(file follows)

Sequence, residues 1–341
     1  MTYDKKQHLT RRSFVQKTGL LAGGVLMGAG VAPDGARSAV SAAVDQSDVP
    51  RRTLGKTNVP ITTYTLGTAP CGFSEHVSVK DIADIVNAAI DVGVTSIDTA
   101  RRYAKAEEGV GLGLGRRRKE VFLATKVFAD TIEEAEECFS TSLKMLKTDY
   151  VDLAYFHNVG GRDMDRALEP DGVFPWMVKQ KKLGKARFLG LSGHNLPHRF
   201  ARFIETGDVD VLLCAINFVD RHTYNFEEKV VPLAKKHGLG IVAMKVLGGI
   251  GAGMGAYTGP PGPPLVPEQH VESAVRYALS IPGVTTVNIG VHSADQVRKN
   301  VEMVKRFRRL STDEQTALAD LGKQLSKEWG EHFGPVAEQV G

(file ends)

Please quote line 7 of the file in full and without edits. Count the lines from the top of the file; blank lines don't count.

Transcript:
   251  GAGMGAYTGP PGPPLVPEQH VESAVRYALS IPGVTTVNIG VHSADQVRKN